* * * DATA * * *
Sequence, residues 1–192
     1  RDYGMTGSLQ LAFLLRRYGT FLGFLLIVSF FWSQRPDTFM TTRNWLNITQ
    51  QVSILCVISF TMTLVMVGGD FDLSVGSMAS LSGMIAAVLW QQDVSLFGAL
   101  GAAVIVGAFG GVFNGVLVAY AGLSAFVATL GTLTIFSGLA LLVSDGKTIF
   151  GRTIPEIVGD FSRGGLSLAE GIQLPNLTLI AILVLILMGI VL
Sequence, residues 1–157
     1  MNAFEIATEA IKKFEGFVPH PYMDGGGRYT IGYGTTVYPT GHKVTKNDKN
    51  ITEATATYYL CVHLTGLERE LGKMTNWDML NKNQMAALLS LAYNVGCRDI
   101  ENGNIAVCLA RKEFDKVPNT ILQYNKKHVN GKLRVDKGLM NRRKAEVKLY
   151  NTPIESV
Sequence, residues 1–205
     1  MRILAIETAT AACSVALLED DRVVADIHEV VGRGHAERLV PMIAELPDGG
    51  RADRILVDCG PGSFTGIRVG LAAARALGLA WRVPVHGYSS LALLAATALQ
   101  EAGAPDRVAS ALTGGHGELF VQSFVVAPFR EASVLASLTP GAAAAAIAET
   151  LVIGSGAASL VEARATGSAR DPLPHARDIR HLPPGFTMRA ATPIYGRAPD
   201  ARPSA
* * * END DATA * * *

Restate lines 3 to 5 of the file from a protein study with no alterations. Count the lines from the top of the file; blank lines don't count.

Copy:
    51  QVSILCVISF TMTLVMVGGD FDLSVGSMAS LSGMIAAVLW QQDVSLFGAL
   101  GAAVIVGAFG GVFNGVLVAY AGLSAFVATL GTLTIFSGLA LLVSDGKTIF
   151  GRTIPEIVGD FSRGGLSLAE GIQLPNLTLI AILVLILMGI VL